• PhD in Linguistics / Psycholinguistics within Doctoral Programme for Cognitive Science — University of Hamburg, Germany, 1997
  • MA in English Linguistics and Russian Literature — University of Hamburg, Germany, 1992


  • Suffrage Science Award for Women in Science — Medical Research Council (MRC) London Institute of Medical Sciences,
  • Award of university-wide competitive sabbatical — University of Lincoln,
  • Won University-wide competition for a 3-year scholarship to employ PhD student from Canada — University of Lincoln,
  • Travel Awards (various) — British Academy travel grant, Oxford University,
  • Doctoral Scholarship for 3 years in Cognitive Science Graduate Programme — German Research Foundation,


Infant Lab Package - software distribution and management; UK-CDI electronic database; Blue Dog bite prevention programme - assessment, dissemination and distribution; External Examiner; Reviewer for Funding Bodies and peer-reviewed journals

Orcid ID


Research Interests

  • Developmental Psychology

  • Human-Animal Interaction

  • Injury Prevention

  • Psycholinguistics

Research Groups Memberships

Research Projects

  • “Investigating the effects of animal-assisted interventions on children—what works?” — awarded £205114 by MARS/Waltham in 2015
  • “UK standardisation of Communicative Development Inventory”. — awarded £357925 by ESRC 3-year project grant in 2012
  • “Teaching children and parents dog signalling” — awarded £70000 by National Institute of Health, USA in 2012
  • “Longitudinal Assessment of Blue Dog bite prevention programme” — University of Lincoln and Blue Dog Trust in 2010
  • “Children’s abilities to detect dog signalling” — awarded £3000 by University of Lincoln in 2010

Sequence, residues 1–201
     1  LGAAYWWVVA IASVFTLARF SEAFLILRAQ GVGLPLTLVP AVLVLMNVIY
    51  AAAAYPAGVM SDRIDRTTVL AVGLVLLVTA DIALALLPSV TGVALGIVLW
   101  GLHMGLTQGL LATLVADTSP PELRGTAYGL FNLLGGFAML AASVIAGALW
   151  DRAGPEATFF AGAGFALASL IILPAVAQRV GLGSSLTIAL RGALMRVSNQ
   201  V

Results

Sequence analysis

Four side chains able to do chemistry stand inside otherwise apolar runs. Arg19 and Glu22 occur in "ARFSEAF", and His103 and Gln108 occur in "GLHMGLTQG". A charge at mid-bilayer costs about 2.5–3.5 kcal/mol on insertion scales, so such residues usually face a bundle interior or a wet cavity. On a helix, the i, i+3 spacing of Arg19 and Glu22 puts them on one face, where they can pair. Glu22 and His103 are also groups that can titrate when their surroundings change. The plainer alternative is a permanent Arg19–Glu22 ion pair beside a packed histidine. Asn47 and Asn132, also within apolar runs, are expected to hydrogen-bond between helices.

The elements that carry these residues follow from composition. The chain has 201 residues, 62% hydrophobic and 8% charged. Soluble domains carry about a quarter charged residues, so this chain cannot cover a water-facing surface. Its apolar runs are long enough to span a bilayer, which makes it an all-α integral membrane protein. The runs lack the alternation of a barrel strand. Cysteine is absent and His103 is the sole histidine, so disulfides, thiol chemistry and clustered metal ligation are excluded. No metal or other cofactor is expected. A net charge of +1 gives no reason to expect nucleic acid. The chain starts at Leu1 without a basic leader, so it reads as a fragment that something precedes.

• “Why do children mistake aggressive dogs’ faces for friendly ones? — awarded £2000 by Blue Dog Trust in 2009
  • “Comparative investigation on the development of trust in children, dogs and monkeys (macaques)” — University of Lincoln in 2009
  • “Pronoun acquisition via Eye-tracking and IPL” — CERD in 2009
  • NordForsk Nordic Infrastructure Project — Nordforsk, NUST, Norway in 2008
  • Facial Proximity study — awarded £8000 by Waltham Foundation in 2008
  • ‘Why do young children get bitten in the face?” — awarded £6000 by Blue Dog Trust in 2008
  • University of Oxford remuneration - support for experimental software generation. — awarded £1000 by University of Oxford in 2007
  • Left gaze bias project — awarded £5000 by University of Lincoln in 2007
  • Assessment Blue Dog project — awarded £20137 by FECAVA, ESVCE, DogsTrust, Companion Animal Behaviour Therapy Study Group, Wylie Vet. Centre, Gr. Gen in 2005

Research in the Lincoln Repository

Professional Affiliations

  • BPS (British Psychological Association) — CPsychol AFBPsS
  • International Association for the Study of Child Language (IASCL) — Member
  • International Society for Anthrozoology (ISAZ) — Member
  • International Association of Human Animal Interaction Organizations (IAHAIO) — Member
  • Cognitive Linguistics Association UK — Member
  • International Cognitive Linguistics Association (ICLA) — Member
  • International Society for Infant Studies (ISIS) — Member
  • Society for research in CHild Development (SRCD) — Member